Religious belief systems are mostly populated with intentional agents, minimally counterintuitive intentional agents — to be taken up in the next post.

Barrett, Justin L. 2007. “Gods.” In Religion, Anthropology, and Cognitive Science, edited by Harvey Whitehouse and James Laidlaw, 179–207. Durham, N.C: Carolina Academic Press.


Gods – 2 (An Anthropology of Religion Perspective)

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by Neil Godfrey

Explorations into why we believe and think the way we do should be shared as widely as possible and not restricted to scholarly publications. Hence these posts. (They cover ideas that we have presented before in different ways as they derive from different researchers, but slightly different perspectives on the same fundamental concepts can deepen our understanding of the matter.)

In the previous post we began with the point that we have two types of beliefs: reflective and non-reflective. Here we identify where these different types of beliefs come from. We will see in future posts how this model explains why belief in gods and spirits is in effect universal.

Where Non-Reflective Beliefs Come From

We are not taught everything we know. We are born with a brain that comes pre-packaged with a set of tools that enable us to make reliable inferences about how our world works.

These mental tools automatically and non-reflectively construct perhaps most of our beliefs about the natural and social world. Non-reflective beliefs arise directly from the operation of these mental tools on inputs from environment. The vast majority of these beliefs are never consciously evaluated or systematically verified. They just seem intuitive, and that is usually good enough. (Barrett 182)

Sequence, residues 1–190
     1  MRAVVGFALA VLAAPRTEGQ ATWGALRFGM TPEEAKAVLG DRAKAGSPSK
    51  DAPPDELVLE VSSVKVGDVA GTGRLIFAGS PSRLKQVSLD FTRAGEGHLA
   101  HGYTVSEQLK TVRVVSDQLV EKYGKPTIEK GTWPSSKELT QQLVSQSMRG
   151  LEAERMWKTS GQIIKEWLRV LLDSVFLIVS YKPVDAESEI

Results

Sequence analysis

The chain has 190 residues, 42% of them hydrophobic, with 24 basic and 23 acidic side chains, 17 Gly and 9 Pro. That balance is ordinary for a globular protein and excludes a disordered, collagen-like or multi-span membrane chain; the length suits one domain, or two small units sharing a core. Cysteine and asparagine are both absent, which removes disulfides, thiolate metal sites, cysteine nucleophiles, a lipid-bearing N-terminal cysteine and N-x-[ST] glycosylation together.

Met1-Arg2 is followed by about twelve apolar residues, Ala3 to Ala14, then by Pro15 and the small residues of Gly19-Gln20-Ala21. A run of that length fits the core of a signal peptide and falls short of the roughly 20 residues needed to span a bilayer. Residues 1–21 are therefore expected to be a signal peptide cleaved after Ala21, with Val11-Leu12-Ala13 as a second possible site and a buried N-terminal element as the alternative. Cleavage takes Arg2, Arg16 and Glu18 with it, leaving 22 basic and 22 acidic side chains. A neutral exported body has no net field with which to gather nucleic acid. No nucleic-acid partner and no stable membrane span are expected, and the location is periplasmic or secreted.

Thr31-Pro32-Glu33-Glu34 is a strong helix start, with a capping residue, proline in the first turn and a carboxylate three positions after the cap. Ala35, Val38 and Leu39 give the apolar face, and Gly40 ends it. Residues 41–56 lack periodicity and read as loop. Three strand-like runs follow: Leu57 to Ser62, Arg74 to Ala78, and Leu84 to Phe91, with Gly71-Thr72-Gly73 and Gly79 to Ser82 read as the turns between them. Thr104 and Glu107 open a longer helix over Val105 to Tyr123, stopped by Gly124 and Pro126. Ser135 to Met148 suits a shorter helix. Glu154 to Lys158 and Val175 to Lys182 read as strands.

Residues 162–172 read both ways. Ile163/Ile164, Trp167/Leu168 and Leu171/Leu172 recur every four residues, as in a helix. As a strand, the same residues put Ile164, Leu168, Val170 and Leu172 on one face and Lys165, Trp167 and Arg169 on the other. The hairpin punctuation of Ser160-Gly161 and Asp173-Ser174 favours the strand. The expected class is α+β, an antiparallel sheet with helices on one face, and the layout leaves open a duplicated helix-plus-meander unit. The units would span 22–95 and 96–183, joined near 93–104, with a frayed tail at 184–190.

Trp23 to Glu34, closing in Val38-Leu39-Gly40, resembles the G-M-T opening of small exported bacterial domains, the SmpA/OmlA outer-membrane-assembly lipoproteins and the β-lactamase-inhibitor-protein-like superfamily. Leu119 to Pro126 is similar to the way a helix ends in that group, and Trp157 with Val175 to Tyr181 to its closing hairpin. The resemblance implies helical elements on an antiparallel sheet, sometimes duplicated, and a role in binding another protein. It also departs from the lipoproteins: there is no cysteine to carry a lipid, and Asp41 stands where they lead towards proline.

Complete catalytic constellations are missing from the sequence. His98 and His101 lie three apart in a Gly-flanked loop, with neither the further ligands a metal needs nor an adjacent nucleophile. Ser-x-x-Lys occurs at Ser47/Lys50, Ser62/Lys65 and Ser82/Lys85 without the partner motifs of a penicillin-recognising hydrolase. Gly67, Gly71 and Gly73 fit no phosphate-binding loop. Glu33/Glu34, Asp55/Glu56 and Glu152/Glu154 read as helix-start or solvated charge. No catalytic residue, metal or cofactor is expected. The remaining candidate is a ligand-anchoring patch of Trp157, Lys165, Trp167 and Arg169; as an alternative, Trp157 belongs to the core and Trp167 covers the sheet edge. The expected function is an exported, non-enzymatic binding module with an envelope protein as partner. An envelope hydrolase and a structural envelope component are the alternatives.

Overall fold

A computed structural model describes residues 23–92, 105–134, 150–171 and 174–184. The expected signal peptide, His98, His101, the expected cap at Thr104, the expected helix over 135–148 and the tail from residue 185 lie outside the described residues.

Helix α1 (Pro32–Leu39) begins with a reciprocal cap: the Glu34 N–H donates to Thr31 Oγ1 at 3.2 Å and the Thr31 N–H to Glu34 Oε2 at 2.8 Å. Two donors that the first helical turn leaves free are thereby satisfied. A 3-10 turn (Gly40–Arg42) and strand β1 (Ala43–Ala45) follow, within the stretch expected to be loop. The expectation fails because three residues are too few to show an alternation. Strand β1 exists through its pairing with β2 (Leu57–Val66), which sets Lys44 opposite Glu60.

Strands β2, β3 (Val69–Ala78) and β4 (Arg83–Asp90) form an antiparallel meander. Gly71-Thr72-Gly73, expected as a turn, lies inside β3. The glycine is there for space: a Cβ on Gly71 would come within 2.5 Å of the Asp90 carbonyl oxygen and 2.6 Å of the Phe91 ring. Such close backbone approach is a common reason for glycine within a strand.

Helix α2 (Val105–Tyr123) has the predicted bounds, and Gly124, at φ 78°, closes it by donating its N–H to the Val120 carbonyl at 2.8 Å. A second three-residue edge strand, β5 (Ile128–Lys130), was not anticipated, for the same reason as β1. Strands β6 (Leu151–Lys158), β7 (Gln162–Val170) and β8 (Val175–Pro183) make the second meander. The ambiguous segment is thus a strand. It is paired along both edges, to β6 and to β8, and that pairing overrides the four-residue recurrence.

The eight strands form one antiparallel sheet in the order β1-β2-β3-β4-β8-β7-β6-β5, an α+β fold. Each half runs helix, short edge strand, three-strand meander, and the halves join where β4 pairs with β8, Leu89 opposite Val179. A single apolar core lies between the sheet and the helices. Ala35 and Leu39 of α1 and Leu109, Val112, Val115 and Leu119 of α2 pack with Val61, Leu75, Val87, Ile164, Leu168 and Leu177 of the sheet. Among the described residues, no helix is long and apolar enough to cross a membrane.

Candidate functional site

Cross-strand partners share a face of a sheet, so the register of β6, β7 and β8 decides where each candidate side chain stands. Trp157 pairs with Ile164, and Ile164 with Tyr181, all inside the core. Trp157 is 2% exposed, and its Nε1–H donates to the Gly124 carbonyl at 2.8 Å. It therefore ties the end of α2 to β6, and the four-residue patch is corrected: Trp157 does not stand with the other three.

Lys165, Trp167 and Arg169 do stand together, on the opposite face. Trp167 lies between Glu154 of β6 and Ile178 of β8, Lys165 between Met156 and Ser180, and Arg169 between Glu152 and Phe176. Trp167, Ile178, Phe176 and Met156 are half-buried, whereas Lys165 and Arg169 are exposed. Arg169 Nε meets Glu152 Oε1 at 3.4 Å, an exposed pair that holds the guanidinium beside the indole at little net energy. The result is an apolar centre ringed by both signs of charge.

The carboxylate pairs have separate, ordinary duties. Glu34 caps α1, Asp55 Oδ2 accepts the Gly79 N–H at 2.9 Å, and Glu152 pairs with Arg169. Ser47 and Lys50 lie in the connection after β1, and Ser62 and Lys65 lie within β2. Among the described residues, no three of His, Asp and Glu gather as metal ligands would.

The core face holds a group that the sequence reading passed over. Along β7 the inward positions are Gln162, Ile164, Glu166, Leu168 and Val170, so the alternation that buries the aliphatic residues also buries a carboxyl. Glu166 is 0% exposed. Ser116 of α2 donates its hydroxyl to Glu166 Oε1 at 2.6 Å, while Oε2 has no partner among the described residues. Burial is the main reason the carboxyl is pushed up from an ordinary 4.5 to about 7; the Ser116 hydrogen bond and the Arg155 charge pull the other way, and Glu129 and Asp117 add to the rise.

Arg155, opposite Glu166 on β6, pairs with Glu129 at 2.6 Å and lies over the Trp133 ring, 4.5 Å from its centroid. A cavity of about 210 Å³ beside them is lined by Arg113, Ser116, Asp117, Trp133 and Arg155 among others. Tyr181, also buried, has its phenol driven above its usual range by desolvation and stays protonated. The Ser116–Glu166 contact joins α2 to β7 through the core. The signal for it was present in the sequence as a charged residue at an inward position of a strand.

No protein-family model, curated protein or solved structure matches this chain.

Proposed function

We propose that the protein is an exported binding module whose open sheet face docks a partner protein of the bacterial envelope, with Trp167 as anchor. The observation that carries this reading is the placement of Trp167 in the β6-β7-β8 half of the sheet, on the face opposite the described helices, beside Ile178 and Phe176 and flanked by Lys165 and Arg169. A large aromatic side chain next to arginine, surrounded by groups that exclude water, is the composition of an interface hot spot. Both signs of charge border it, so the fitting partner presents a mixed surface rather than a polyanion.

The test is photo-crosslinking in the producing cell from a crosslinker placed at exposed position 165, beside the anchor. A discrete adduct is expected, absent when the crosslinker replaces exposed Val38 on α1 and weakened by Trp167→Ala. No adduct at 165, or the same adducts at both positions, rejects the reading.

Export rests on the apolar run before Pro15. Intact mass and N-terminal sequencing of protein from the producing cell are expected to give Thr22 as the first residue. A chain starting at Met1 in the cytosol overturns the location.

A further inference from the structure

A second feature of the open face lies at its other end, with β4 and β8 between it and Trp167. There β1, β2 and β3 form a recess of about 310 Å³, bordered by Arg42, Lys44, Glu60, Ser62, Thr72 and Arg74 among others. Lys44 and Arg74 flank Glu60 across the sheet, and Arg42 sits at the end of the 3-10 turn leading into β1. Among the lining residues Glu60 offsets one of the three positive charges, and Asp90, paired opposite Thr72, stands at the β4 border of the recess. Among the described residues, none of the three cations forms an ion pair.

We focus on four of these mental tools.

Our Naive Physics Tool

Even as infants we “know” that physical objects:

    • tend to move on inertial paths
    • cannot pass through other solid objects
    • must move through the intermediate space to get from one point to another
    • must be supported or they will fall
Our Agency Detection Tool
    • automatically tells us that self-propelled and goal directed objects are intentional agents
Our Theory of Mind Tool

Theory of mind gives us non-reflective beliefs concerning the internal states of intentional agents and their behaviors: Continue reading “Gods – 2 (An Anthropology of Religion Perspective)”


Gods (An Anthropology of Religion Perspective)

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This work is licensed under a Creative Commons Attribution 4.0 International License.

by Neil Godfrey

Justin L. Barrett earned degrees in psychology from Calvin College (B.A.) and Cornell University (Ph.D). He served on the psychology faculties of Calvin College and the University of Michigan (Ann Arbor), and as a research fellow of the Institute for Social Research. Dr. Barrett is an editor of the Journal of Cognition & Culture and is author of numerous articles and chapters concerning cognitive science of religion. His book Why Would Anyone Believe in God? (2004) presents a scientific account for the prevalence of religious beliefs. He is currently Senior Researcher at the University of Oxford’s Centre for Anthropology and Mind. — from “Contributing Authors”, p. xxiii, of Religion, Anthropology, and Cognitive Science.